CARS HOMES JOBS

Christmas to feature seals, penguins

109th Airlift celebrating day in icy, lonely setting of Antarctica

Monday, December 24, 2012
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A photo provided by the New York Air National Guard's 109th Airlift Wing shows a Santa hat-clad penguin from a previous Christmas celebration in Antarctica.
A photo provided by the New York Air National Guard's 109th Airlift Wing shows a Santa hat-clad penguin from a previous Christmas celebration in Antarctica.

— With Christmas just days away, all eyes are on the North Pole, but way down at the bottom of the globe, they’re gearing up for the big day, too.

On Tuesday, members of the New York Air National Guard’s 109th Airlift Wing took wing from the Stratton Air National Guard Base on a mission that will keep them in Antarctica through the holiday. Those who have made the 11,000-mile trip to the frigid, icy continent in the past say it’s a fun, peaceful spot to be on Dec. 25, but it can be a lonely place, too.

Master Sgt. Christine Wood of Gansevoort, a video broadcaster who works for the Guard’s public affairs department, spent Christmas at the United States Antarctic Program base at McMurdo Station in 2002.

On Christmas Day, she recalled walking across the icy landscape to visit the seals in their natural habitat.

“It’s just this most beautiful place in the world, and it’s just serene and calming. You’re so far remote, and you think you would be scared because you’re down at the bottom of the Earth, but it’s very calming to be there,” she said.

Far away from the majority of civilization, cares are distant, too.

“You’re missing your family, of course, but you don’t have to worry about cellphones or traffic or anything like that,” she said.

Master Sgt. Willie Gizara of Amsterdam, who was there with Wood on that peaceful Christmas morning in 2002, recalled the carols.

“The church had the Christmas songs somehow piped through on a speaker, and because you’re in Antarctica, [the sound] travels so far. The whole town could hear it,” he said. “It brought home down here.”

The days are long this time of year in Antarctica. It’s summer there, and the sun shines around the clock. Temperatures hover in the high 20s, and every Christmas is a white one, although snow rarely falls in the extremely dry climate.

Work days are long at McMurdo. Those stationed there work 12-hour shifts, six days a week, according to Lt. Col. Dean Johnson of Malta, a pilot who has spent at least three Christmases in Antarctica, and will do so again this year.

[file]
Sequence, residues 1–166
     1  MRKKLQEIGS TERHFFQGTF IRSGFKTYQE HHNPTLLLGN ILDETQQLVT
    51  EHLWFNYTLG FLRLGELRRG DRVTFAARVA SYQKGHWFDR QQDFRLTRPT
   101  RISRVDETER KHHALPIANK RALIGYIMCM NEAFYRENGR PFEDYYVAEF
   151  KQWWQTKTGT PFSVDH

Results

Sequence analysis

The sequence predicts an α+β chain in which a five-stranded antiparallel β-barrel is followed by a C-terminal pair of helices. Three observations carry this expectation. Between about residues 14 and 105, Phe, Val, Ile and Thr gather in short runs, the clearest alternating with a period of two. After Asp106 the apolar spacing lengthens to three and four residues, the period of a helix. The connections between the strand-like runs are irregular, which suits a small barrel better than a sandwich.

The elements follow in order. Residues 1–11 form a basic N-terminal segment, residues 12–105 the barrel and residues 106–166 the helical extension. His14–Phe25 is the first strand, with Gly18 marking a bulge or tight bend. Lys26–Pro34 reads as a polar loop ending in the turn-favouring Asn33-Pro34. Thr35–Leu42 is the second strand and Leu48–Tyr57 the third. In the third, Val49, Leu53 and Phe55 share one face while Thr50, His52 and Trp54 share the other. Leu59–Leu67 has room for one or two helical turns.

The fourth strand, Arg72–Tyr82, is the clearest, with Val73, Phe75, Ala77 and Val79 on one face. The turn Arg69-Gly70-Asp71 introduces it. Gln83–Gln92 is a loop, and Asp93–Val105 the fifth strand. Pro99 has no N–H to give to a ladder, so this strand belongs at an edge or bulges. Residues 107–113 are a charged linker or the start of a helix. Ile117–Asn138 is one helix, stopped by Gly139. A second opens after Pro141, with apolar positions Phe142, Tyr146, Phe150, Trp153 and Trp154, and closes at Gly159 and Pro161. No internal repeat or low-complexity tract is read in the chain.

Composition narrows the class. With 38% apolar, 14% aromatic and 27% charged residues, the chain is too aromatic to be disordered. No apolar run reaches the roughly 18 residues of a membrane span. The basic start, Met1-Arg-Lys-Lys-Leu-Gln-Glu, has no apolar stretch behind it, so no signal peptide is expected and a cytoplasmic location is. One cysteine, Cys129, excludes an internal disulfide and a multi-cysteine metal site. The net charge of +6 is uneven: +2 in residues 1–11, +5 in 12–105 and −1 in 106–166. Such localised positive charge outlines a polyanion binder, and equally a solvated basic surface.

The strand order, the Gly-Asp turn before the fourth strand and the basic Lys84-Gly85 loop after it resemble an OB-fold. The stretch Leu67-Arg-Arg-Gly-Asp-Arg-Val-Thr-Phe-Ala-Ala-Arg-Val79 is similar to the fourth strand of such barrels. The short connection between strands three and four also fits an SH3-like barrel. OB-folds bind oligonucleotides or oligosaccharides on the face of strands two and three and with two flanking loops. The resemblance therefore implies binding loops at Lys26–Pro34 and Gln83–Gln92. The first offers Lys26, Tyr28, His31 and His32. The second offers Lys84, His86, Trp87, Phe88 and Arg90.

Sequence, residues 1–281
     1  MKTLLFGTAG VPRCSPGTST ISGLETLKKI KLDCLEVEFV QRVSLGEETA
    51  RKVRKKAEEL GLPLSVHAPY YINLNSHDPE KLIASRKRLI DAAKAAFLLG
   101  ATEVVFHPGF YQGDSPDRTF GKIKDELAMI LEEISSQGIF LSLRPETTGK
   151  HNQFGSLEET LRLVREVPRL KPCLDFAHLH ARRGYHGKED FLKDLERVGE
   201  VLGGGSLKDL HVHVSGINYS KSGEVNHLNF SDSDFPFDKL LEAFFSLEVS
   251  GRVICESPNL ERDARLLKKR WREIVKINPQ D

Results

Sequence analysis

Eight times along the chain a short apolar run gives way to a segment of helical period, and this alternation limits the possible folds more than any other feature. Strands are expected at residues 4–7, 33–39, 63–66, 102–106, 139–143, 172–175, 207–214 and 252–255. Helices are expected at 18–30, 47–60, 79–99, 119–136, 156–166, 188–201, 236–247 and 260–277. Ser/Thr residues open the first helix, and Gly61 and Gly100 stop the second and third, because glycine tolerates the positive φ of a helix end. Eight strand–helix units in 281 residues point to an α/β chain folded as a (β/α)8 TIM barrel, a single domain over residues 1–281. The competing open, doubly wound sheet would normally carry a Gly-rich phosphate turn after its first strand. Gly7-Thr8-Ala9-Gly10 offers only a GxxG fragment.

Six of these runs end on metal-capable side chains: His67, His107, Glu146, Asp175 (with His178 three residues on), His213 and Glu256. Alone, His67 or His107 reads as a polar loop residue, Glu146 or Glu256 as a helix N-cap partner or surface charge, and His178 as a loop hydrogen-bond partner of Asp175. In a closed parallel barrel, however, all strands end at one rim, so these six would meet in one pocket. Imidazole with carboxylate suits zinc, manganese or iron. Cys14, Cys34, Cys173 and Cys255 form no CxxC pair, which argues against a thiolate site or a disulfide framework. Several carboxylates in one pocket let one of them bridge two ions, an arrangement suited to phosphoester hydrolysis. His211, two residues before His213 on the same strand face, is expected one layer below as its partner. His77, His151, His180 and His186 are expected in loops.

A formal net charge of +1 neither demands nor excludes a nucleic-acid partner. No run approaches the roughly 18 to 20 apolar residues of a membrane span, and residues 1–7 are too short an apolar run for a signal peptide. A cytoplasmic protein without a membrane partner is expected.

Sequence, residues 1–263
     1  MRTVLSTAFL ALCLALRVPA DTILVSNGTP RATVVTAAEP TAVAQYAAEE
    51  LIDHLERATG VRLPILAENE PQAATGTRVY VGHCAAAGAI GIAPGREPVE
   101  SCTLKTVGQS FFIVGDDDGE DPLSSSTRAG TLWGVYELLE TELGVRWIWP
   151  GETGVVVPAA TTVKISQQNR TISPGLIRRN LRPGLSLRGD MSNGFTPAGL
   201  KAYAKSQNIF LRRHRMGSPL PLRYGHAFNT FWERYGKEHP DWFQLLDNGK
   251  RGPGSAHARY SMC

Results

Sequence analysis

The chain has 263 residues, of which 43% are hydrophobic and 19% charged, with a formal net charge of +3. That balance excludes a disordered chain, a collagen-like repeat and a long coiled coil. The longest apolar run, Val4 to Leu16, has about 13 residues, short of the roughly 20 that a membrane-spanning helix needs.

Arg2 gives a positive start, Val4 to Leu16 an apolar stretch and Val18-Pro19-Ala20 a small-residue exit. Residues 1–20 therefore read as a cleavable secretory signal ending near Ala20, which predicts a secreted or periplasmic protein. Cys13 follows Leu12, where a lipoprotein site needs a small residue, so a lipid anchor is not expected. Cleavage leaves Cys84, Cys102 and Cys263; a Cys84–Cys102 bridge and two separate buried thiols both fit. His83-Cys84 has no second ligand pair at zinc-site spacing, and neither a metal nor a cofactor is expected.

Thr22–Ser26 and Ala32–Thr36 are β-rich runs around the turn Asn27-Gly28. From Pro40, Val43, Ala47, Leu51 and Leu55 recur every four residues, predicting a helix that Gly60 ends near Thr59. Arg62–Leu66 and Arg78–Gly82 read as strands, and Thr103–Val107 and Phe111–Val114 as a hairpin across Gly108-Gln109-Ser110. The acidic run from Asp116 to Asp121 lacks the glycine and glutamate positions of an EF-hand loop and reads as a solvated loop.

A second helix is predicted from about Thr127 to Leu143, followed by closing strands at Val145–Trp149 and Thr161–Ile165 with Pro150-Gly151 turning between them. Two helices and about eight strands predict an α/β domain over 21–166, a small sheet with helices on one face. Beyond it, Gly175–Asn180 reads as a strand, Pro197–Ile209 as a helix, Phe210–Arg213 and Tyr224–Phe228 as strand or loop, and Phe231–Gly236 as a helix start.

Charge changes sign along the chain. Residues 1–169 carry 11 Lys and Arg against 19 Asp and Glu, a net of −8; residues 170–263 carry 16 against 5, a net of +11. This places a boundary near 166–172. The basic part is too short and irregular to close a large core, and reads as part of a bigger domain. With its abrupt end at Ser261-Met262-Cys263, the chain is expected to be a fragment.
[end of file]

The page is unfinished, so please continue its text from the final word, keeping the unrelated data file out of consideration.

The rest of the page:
The holiday is a much anticipated break from the grueling work schedule, he said. And since Christmas falls on a Tuesday this year, the crew will have three days off.

The extended holiday will give Guard members free time to not only catch up on sleep and laundry, but to enjoy their surroundings. Running races, hiking adventures and trips to penguin rookeries are often offered, Johnson said. One year when he was down there, the Coast Guard offered an ice-breaking cruise.

“I got to see what it feels like to slice through tens of thousands of pounds of this ice as the ship rides right up on the ice sheet and then comes crashing down,” he said.

Elaborate festivities

Christmas celebrations will also take up a good amount of the free time.

“We do have quite the celebration down there to keep people happy and connected,” he commented.

The festivities begin with a Christmas Eve party at the vehicle maintenance facility, which is converted into a party space “with Santa and all kinds of different displays, and trees made out of mechanical parts,” Johnson said. “Everybody has different talents down there, as you can imagine, so you get carpenters, machinists and scientists and the Guard and everyone together, and everyone sort of contributes something different.”

On Christmas Day, there’s an elaborate dinner at McMurdo Station, complete with Alaskan king crab legs, prime rib, and a local specialty — Antarctic cod. The fish, which is studied by scientists at the research facility because its blood contains properties similar to antifreeze, can weigh up to 300 pounds, Johnson said.

The food that’s flown in for Christmas is a welcome respite from the mundane meals typically served at the station, Wood said. The year she was there for the holiday, filet mignon and lobster tails were on the menu. The dining hall was decorated with Christmassy tablecloths and an elaborate gingerbread display created by the dining hall workers, she recalled. Outside, wooden penguins, snowflakes and stars decorated telephone poles.

The Guard holds a private party Christmas morning for all of its members, and arranges to have gifts shipped from home, so everyone has something special to open from their family, Johnson said.

Those gifts help to bridge the gap between Antarctica and the States, as do phone calls, emails and computer-based video chats, but a longing for home still often lingers.

“After the festivities are over and the meal is done and you’re headed back to your room, a feeling of loneliness can set in, and you end up realizing how important the people back home are to you,” Johnson said. “Yes, it’s a wonderful time, but really what makes the holidays complete are your close family and friends.”

Wood is spending Christmas at home this year, and she’s anxiously awaiting the return of her husband, Eric, who is a pilot for the Guard. He’s scheduled to be back from Antarctica early this evening, in time to celebrate their son’s first Christmas.

“We’re going to be happy to enjoy it all together,” she said.

 
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